The fact that Oncotype DX results need to be interpreted differently in men and women is not specific just to the test, but is connected to the underlying biological differences in men and women that cause breast cancer to develop and spread in sex-specific ways. It’s something these same researchers are also studying separately.

“We published another paper regarding the differences between male and female breast conditions, and in that study we showed that different biology may account for the sex differences for patients with breast cancer,” said senior author Xiao-Ou Shu, MD, PhD, MPH, Ingram Professor of Cancer Research, associate director for global health and coleader of the Cancer Epidemiology Research Program at Vanderbilt-Ingram Cancer Center, Nashville, Tennessee. “We’d like to think further whether these biology-specific tools [like Oncotype DX] also have different performance in male and female [patients]. I think that’s one of the reasons why we did this study.”

The researchers concluded that Oncotype DX is still a useful diagnostic tool in evaluating both men and women with breast cancer, but the results need to be framed in a way that will account for to the sex of the patient, rather than in a one-size-fits-all manner.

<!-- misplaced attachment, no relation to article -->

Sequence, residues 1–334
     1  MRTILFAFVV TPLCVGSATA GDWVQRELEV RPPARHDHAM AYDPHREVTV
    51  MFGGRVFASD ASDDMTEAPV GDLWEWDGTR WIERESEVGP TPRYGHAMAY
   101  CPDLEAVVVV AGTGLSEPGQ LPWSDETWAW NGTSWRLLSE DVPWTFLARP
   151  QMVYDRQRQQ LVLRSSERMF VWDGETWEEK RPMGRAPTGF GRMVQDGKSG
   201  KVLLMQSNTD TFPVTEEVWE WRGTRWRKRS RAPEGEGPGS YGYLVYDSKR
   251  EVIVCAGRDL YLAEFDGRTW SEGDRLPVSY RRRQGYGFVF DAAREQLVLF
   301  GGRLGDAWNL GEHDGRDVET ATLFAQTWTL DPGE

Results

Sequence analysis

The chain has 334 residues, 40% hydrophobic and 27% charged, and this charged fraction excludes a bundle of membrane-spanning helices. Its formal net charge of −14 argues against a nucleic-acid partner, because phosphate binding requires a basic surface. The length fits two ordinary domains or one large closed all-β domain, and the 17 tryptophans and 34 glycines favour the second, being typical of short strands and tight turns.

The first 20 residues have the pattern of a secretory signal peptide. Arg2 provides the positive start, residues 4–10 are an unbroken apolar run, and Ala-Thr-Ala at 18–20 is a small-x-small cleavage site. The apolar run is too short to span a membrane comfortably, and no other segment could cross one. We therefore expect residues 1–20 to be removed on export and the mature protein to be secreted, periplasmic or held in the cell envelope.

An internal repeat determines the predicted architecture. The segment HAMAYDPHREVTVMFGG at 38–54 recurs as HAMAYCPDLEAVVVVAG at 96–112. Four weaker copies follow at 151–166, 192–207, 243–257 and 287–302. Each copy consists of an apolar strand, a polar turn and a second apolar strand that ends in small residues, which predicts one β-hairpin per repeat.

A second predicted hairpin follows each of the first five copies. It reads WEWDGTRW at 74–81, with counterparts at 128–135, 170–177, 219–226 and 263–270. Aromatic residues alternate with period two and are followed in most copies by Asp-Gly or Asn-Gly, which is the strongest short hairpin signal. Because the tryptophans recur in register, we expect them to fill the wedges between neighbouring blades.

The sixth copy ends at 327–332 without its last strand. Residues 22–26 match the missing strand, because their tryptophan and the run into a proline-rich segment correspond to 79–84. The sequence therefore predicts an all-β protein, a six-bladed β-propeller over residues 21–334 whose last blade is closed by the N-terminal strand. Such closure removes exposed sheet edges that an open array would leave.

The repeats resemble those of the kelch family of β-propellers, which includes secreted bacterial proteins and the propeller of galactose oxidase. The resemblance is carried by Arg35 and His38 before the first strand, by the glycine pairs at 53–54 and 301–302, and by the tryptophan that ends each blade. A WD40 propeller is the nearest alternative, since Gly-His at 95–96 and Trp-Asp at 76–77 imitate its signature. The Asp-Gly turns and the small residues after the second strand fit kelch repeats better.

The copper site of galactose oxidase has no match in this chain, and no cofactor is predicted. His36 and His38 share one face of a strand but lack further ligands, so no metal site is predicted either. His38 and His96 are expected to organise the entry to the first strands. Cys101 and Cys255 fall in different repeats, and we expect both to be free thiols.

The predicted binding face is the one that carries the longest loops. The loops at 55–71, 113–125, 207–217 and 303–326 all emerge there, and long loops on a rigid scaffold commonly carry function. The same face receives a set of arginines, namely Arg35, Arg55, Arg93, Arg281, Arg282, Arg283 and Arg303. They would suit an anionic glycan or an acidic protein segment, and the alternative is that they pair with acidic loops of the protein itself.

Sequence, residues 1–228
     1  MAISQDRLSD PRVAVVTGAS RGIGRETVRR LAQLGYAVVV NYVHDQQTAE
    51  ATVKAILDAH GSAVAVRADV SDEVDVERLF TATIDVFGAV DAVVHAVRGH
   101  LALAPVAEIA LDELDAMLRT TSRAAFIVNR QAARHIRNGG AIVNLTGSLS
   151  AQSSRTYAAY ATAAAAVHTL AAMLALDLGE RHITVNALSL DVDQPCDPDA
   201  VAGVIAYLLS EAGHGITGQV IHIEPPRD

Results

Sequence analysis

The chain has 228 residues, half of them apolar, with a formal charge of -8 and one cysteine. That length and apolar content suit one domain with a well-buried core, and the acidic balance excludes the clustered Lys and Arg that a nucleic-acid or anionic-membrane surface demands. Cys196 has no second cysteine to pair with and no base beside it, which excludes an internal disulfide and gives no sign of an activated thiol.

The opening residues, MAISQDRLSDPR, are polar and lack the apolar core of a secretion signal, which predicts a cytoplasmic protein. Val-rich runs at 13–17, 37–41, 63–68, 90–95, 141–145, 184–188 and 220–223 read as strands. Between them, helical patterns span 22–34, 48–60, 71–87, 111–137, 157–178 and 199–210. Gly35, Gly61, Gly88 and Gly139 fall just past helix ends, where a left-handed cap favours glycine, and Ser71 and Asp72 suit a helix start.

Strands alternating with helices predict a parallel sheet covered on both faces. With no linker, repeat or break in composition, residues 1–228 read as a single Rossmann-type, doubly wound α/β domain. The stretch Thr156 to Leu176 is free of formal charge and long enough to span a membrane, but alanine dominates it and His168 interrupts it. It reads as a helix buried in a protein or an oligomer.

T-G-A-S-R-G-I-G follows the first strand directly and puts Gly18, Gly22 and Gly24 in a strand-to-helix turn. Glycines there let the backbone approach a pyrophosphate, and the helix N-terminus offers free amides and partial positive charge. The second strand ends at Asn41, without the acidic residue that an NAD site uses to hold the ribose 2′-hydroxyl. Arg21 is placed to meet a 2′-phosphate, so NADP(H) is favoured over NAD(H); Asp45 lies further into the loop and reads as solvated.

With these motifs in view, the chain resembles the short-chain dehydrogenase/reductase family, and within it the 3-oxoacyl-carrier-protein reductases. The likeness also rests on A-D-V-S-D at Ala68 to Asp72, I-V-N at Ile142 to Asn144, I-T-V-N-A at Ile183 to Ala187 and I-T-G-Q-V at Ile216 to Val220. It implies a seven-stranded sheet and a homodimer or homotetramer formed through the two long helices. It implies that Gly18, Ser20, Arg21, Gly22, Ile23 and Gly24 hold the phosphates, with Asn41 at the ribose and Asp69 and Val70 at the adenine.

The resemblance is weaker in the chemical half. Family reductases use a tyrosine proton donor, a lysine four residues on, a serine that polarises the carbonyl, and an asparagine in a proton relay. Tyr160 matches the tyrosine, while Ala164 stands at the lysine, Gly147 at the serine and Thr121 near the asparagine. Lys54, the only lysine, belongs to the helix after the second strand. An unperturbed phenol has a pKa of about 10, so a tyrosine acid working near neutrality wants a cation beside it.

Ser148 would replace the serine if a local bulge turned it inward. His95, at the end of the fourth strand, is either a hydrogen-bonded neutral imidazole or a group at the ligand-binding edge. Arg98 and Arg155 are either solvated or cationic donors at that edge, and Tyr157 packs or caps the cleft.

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As the study notes, in routine practice, “…RS predicts total mortality in both male and female patients with breast cancer but following distinct patterns. This finding highlights the need to develop RS categorization specifically for male patients with breast cancer.”1

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The researchers also chose to focus on Oncotype DX, specifically, because it is a tool to measure outcomes that is already highly used, and thus, has a strong presence in existing databases. But Dr Wei said that it would be even more useful to have access to tumor tissue in the future.

“The reason we focused on Oncotype DX is availability — we studied from the [National Cancer Database] data,” she said. “Ideally, if we have access to tumor tissue and the sequencing data, we can understand these patterns better.”

Disclosure: One of the study authors reported a financial relationship with pharmaceutical companies. For a full list of disclosures, please refer to the original study.


  1. Wang F, Reid S, Zheng W, et al. Sex disparity observed for Oncotype DX breast recurrence score in predicting mortality among patients with early stage ER-positive breast cancer. Clin Cancer Res. 2020;26(1):101-109.
  2. Weiss JR, Moysich KB, Swede H. Epidemiology of male breast cancer. Cancer Epidemiol Biomarkers Prev. 2005;14(1):20-26.
  3. Wang F, Shu X, Meszoely I, et al. Overall mortality after diagnosis of breast cancer in men vs women [published online September 19, 2019]. JAMA Oncol. doi: 10.1001/jamaoncol.2019.2803
  4. Garcia M, Mulvagh SL, Bairey Merz CN, Buring JE, Manson JE. Cardiovascular disease in women. Circ Res. 2016;118(8):1273-1293.